The Director of Public Prosecution Kier Starmer has announced a review into the law governing the use of social media in the light of a number of high-profile prosecutions and lengthy sentencing of offenders.
The most recent case concerned that of Matthew Woods, 20, who was jailed at Chorley Magistrates' Court for 12 weeks for posting highly distasteful and offensive posts about the missing 5-year-old April Jones.
Mr Woods took to Facebook to make a string of comments about April Jones and missing child Madeleine McCann last Saturday evening. The posts were reported to police, who arrested him 'for his own safety' after a large group of people gathered at his home to remonstrate with him.
Mr Woods was charged with sending a grossly offensive public electronic communication under section 127 of the Communications Act 2003.
Sentencing him to prison, magistrate Bill Hudson said: "The words and references used to the current case in Wales and that of the missing girl in Portugal are nothing less than shocking, so much so that no right-thinking person in society should have communicated to them such fear and distress."
"The reason for the sentence is the seriousness of the offence, the public outrage that has been caused and we felt there was no other sentence this court could have passed which conveys to you the abhorrence that many in society feel this crime should receive," he added.
However, the sentence has caused a backlash from free-speech campaigners and the media who believe that Mr Woods was stupid, but not criminal.
Mr Starmer announced the review in light of several recent prosecutions, including that of Daniel Thomas who posted comments about Olympian Tom Daley, and Liam Stacey who mocked footballer Fabrice Muamba whilst he was fighting for his life.
Whilst Mr Woods received a custodial sentence, others have escaped prosecution or been sentenced with community service orders, suggesting the law is being applied in an inconsistent way.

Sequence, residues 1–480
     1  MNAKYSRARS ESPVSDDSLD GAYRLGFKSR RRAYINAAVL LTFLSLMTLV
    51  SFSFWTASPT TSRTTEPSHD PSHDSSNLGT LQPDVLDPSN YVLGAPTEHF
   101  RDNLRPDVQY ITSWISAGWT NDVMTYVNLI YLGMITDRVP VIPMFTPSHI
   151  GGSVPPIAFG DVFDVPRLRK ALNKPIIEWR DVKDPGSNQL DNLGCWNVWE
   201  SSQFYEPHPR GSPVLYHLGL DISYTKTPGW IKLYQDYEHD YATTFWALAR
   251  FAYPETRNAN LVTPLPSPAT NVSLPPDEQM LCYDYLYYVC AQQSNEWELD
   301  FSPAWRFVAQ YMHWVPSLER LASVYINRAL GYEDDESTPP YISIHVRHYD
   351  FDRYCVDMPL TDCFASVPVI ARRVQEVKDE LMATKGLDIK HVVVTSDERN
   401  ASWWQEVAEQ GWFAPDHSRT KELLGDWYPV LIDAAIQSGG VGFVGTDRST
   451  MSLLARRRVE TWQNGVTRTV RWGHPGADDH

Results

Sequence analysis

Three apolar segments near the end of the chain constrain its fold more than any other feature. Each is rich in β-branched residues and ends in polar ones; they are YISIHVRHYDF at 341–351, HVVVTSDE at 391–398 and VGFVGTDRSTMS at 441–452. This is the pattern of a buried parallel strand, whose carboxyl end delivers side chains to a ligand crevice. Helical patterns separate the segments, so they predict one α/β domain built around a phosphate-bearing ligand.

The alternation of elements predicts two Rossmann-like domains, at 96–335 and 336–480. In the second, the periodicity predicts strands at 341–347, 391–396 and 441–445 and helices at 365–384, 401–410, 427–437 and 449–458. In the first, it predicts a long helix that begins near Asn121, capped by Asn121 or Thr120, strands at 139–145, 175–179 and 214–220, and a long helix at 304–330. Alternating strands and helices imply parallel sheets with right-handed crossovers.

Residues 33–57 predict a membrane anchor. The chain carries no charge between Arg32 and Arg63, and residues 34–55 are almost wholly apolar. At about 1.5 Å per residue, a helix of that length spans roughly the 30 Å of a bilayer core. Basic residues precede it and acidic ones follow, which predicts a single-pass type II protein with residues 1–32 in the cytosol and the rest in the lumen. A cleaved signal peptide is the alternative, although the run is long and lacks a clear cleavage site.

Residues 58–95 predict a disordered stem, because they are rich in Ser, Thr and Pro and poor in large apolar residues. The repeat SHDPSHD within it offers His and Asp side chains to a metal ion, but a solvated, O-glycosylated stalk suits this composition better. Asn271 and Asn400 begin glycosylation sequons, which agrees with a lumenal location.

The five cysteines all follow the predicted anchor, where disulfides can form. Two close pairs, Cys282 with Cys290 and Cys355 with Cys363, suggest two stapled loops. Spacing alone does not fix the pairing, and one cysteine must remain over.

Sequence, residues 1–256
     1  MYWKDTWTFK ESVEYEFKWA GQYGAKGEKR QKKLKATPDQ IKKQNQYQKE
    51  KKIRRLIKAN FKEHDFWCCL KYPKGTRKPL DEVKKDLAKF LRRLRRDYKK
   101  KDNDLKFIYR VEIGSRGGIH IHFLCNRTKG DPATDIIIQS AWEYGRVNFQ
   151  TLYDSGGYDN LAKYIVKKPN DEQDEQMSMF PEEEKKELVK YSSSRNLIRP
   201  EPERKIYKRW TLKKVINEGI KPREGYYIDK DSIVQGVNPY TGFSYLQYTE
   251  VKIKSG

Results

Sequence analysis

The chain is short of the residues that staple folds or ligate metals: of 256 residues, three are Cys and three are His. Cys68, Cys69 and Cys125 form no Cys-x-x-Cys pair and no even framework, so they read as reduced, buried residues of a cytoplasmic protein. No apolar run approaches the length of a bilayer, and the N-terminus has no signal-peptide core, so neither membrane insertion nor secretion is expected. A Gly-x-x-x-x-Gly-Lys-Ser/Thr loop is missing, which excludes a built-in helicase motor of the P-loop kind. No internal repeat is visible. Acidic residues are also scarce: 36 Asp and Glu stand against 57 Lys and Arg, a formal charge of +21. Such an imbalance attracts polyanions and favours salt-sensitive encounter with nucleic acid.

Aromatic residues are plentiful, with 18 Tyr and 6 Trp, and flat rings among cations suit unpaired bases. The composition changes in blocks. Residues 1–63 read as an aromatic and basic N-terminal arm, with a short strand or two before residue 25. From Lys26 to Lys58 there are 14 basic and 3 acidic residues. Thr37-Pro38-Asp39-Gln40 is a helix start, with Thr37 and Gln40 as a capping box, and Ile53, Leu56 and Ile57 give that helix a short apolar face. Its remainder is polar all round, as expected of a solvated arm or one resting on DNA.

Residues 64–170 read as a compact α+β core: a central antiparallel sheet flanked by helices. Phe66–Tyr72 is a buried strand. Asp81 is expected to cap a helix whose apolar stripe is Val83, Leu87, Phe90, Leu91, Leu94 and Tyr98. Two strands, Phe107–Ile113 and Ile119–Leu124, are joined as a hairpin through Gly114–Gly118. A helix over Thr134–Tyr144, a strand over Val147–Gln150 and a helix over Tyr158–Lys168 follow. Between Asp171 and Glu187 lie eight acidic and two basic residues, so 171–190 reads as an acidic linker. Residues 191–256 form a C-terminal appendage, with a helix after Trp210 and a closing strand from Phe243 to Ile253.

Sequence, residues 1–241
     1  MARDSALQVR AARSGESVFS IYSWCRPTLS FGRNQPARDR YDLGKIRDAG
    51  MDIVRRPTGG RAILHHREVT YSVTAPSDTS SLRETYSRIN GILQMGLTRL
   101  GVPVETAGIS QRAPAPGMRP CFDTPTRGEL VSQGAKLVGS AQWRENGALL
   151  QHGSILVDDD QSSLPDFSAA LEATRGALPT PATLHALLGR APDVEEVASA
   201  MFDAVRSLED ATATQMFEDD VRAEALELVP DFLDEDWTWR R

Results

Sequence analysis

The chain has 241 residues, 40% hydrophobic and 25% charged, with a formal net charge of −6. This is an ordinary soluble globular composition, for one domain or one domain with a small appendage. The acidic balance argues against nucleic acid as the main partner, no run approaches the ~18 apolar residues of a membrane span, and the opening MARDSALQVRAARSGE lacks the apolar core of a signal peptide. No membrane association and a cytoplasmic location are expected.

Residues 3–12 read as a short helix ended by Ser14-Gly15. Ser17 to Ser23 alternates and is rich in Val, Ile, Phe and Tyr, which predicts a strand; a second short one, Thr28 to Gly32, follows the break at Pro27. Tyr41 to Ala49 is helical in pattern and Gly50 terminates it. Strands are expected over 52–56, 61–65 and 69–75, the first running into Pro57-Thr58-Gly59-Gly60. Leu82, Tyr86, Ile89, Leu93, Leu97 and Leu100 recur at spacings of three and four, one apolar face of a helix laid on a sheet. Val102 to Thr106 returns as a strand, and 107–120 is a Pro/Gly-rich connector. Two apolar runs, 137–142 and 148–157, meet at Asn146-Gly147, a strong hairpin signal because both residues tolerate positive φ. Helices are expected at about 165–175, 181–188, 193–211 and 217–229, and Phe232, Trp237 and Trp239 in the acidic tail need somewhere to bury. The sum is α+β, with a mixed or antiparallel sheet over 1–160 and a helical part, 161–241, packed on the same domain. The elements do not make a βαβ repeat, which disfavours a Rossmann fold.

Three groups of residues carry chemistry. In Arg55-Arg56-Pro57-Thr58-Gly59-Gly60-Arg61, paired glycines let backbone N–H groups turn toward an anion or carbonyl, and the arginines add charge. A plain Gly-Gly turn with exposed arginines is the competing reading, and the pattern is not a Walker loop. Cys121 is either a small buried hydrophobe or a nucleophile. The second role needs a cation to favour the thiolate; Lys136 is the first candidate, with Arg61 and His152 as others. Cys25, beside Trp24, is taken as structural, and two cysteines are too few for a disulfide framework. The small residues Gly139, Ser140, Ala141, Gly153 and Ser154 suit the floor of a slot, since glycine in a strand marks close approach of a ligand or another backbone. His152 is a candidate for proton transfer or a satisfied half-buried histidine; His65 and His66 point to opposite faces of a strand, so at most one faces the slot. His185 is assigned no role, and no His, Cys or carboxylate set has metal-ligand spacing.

Statistics show that there are around 2,500 complaints relating to social media each year, or roughly 50 each week. Lawyers and judges are increasingly finding it difficult to know which cases to prosecute and the appropriate sentencing, and the police believe they are wasting time and resources on petty online rows.
Review of the law
Now the Crown Prosecution Service will invite social media companies, lawyers and academics to comment on how the law could be changed or applied differently.
"The emerging thinking is that it might be sensible to divide and separate cases where there's a campaign of harassment, cases where there's a credible and general threat, and prosecute," Mr Starmer told the BBC.
However, he added that one-off offensive communications would not be immune from prosecution but would almost certainly be treated differently from sustained online hate campaigns.
The right to be offensive
There are also plans to request that social media sites do more to monitor the posts of their users, removing offensive posts quicker.
Mr Starmer believes that new guidelines will help police, lawyers and judges to apply the law appropriately, suggesting that the threshold for a criminal prosecution should be higher than it is presently.
"We live in a democracy, and if free speech is to be protected there has to be a high threshold. People have the right to be offensive, they have the right to be insulting, and that has to be protected," he told the BBC.